To mark the tenth anniversary of the terrorist attacks of September 11, 2001, PBS will provide a slate of programming covering a wide range of genres, from news coverage to science and performance.
On Sunday, September 11 at 7 p.m., PBS NewsHour will present America Remembers 9/11, which will include highlights from the day's memorial events marking the sites of the attacks at the World Trade Center, at the Pentagon, and in Pennsylvania. The special will travel across the country to get the perspectives of Americans as they look back on the events of 9-11 and the effect on their lives over the past decade.
PBS NewsHour correspondents will meet with people personally affected by 9/11: in Kentucky with military families; in California with younger Americans who have known only a post-9/11 world; in New York with people who lost loved ones in the terrorist attacks; and in Michigan with Muslims whose situation has changed significantly since before 2001.
On Sunday, September 11 at 8:30 p.m., KUED airs Great Performances: The New York Philharmonic 10th Anniversary Concert for 9/11 with a performance of Mahler's Symphony No. 2, "Resurrection," in honor of the victims of September 11, 2001. Music Director Alan Gilbert will lead the orchestra in Avery Fisher Hall at Lincoln Center, with soprano Dorothea Roschmann, mezzo-soprano Michelle De Young and the New York Choral Artists.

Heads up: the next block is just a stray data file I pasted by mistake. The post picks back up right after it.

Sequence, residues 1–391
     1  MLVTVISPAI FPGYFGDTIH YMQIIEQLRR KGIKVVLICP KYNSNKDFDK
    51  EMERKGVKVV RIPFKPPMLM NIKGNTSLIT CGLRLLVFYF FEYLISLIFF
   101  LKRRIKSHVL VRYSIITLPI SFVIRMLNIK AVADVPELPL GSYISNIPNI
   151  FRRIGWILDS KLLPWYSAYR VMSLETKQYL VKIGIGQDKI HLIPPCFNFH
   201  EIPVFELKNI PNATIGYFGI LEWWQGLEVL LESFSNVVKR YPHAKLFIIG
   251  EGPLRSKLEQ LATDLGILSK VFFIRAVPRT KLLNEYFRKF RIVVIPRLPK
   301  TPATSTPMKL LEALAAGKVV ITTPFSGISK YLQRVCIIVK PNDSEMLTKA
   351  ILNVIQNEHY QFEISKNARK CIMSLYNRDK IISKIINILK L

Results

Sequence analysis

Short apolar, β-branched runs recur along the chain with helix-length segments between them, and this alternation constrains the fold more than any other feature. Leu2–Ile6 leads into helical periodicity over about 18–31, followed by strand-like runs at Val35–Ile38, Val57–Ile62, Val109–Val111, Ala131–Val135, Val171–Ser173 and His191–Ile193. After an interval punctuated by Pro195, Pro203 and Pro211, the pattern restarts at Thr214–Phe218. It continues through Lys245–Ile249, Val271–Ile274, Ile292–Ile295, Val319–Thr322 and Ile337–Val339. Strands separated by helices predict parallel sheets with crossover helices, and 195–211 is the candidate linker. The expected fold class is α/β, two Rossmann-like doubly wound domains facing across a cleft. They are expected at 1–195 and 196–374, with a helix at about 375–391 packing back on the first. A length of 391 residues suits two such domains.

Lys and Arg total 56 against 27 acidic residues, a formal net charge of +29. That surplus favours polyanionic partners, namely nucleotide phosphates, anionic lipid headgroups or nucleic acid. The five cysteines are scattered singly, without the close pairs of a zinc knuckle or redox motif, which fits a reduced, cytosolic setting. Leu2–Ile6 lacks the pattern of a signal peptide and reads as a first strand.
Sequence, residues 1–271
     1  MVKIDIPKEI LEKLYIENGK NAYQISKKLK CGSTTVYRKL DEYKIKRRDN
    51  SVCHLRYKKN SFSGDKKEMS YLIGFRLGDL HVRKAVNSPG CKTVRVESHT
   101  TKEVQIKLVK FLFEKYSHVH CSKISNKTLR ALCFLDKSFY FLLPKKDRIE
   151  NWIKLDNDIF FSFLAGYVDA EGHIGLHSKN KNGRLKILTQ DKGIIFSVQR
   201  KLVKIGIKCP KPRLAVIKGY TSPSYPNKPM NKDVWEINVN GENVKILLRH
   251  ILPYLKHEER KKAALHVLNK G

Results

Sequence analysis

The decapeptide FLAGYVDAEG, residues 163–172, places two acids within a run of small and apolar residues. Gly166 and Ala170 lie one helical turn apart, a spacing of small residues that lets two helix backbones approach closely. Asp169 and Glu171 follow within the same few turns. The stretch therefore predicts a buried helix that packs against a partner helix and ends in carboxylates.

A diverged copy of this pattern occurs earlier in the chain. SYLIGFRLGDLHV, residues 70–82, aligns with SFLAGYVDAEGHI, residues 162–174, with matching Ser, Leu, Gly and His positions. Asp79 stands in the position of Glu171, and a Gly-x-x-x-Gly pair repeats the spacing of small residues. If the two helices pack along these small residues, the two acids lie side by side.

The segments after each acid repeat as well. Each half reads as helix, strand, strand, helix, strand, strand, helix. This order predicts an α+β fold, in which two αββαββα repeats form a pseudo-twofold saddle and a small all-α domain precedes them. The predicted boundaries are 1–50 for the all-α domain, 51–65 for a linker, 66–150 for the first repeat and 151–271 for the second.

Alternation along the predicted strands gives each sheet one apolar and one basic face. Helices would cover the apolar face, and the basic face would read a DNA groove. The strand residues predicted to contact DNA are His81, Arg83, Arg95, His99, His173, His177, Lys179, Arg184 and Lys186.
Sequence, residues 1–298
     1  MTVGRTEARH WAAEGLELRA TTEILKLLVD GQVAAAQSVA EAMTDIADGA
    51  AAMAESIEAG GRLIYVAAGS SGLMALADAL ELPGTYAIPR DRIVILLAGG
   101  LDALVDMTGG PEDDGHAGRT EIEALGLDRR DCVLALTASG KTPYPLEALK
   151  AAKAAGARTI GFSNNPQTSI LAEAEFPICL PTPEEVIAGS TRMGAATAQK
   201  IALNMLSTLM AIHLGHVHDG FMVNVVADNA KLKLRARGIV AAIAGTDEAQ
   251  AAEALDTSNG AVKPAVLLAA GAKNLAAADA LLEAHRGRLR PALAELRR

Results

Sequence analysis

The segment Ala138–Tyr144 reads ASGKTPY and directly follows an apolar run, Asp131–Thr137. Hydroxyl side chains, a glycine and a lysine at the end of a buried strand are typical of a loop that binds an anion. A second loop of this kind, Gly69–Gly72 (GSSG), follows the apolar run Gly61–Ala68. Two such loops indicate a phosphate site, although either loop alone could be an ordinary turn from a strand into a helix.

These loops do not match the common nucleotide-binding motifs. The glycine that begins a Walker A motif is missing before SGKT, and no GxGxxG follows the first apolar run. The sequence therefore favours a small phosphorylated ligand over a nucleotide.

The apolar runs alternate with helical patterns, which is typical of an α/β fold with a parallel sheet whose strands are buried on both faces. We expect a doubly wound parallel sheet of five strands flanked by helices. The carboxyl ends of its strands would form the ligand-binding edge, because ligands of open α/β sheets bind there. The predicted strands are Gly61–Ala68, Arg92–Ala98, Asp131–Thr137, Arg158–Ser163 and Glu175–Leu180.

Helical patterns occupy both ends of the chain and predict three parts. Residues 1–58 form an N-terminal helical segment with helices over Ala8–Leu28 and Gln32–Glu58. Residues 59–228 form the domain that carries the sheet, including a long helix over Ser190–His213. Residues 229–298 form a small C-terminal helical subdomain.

Other PBS programming marking the tenth anniversary of September 11, 2001 includes:
Frontline: The Interrogator, Tues Sept. 13, 9 PM. In a rare interview with Ali Soufan, the FBI agent who was at the center of the 9/11 investigations, Frontline correspondent Martin Smith uncovers an insider's view on the "war on terror." One of the only eight Arabic-speaking FBI agents, Soufan explains why he believes the attacks on the World Trade Center could have been prevented and how the use of torture failed to produce actionable intelligence. Also in this hour: Pulitzer Price-winning Washington Post reporter Dana Priest investigates the terrorism-industrial complex that grew up in the wake of 9/11. In Are We Safer? Priest explores the growing reach of homeland security, fusion centers, battlefield technologies and data-collecting into the lives of ordinary Americans.
Frontline: The Man Behind the Mosque, Tues. Sept. 20, 9 PM. It became the most controversial building in America, made infamous overnight as the Ground Zero Mosque, Frontline tells the inside stories of Sharif El-Gamel, a real estate developer, and one of the victims' relatives and anti-Islam activists who helped turn El-Gamal's project into a continuing battel over faith, values and the meaning of being an American.
Crumbling Remains of Trade Center
Heartbreaking Scene of Remembrance
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